According to BCG, the exploration “legends” were unanimous in insisting that the crisis was not the result of external factors such as geology, industry economics or other macroeconomic forces. Nor does successful discovery depend on luck or funding. Leadership is paramount. Beyond that, four critical areas make the difference: exploration strategy (the operational approach to finding orebodies), exploration management (the principles companies follow in running exploration), innovation (in ideas and approaches as well as technology), and talent development and people management.

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The following are among the observations presented in the report:

  • Science (especially computer modeling) has its place, but it is no substitute for field observation and drilling.
  • Risk-averse companies often forgo greenfield exploration in favor of brownfield exploration. But in doing so, they incur more risk than if they had balanced the two types of exploration in a portfolio approach.
  • Exploration should be run as a profit center.
  • Talent makes the critical difference in exploration success, yet many companies overlook the people management practices that are crucial to exploration success.


These conclusions correlate closely to opinions expressed by the exploration “legends,” who pinpointed practices in four critical areas that govern success:

Exploration Strategy–The strategy is the basic, but often overlooked, set of tenets for success with the drill bit. Exploration strategy encompasses the operational approach to finding orebodies by, for example, selecting larger deposit styles because they are easier targets or determining the appropriate spacing and number of drill holes or the depth of drilling.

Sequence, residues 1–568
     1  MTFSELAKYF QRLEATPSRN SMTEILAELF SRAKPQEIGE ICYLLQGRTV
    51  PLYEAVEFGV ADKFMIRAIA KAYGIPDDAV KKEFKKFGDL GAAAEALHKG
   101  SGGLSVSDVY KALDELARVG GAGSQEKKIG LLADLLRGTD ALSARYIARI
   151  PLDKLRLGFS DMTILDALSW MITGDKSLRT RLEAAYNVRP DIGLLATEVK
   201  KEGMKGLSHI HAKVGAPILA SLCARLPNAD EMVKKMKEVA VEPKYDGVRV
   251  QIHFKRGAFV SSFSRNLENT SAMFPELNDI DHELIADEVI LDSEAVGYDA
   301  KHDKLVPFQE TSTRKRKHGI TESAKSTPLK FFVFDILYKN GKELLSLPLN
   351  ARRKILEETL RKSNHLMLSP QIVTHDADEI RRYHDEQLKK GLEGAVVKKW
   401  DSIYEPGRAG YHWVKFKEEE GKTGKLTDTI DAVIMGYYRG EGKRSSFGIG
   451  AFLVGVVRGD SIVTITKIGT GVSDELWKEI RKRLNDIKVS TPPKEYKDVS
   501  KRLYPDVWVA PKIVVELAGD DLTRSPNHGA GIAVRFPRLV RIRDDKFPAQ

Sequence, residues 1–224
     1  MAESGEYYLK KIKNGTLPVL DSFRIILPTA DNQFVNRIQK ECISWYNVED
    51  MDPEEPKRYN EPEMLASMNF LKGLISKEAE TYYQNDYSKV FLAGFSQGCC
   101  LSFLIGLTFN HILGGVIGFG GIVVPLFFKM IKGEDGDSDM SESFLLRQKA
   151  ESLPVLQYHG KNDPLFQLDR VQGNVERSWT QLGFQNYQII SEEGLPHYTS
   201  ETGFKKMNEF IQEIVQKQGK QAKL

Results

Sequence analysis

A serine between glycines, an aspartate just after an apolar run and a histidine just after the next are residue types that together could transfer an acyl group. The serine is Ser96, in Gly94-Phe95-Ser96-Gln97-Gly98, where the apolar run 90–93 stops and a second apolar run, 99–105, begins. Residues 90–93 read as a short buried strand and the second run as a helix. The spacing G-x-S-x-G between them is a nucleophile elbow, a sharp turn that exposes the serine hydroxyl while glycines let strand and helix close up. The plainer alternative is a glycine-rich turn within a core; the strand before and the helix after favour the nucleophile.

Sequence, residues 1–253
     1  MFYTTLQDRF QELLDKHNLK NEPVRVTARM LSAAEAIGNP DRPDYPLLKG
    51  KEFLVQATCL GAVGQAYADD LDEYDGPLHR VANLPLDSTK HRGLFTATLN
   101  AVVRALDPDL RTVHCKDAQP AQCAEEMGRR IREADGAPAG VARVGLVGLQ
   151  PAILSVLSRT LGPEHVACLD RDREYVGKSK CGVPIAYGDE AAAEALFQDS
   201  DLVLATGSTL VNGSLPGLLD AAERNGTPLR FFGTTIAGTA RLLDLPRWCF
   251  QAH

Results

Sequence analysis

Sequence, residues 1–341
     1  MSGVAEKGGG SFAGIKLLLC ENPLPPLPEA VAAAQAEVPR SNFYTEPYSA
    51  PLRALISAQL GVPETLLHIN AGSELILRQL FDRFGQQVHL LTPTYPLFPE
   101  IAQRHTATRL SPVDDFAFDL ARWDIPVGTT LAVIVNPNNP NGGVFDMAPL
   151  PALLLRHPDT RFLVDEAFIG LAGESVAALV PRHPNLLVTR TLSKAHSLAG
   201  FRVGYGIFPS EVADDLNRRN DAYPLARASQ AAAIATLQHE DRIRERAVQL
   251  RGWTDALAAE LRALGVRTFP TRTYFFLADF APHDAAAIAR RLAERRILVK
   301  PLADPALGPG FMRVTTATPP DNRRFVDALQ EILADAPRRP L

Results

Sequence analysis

Exploration Management–The principles companies follow to run the business of exploration effectively include approaches to funding and resource exploration activity, as well as the best ways to establish lines of reporting—and governance that offers adequate checks and balances—without obstructing exploration efforts.

Large and frequent changes to exploration spending are damaging the supply of mining talent, which only creates a vicious cycle. Ultimately, companies bear the cost of this volatility in the form of poor returns from exploration spending.

Innovation–The search for new ideas, approaches, and technologies in exploration targeting includes new techniques for finding and extracting ore. Techniques that reduce exploration and production costs confer competitive advantage.

The study points out that two new noteworthy techniques—3-D seismology and magnetotellurics—are extending the depths that are accessible by remote sensing from their current limits of about 500 m to several kilometers.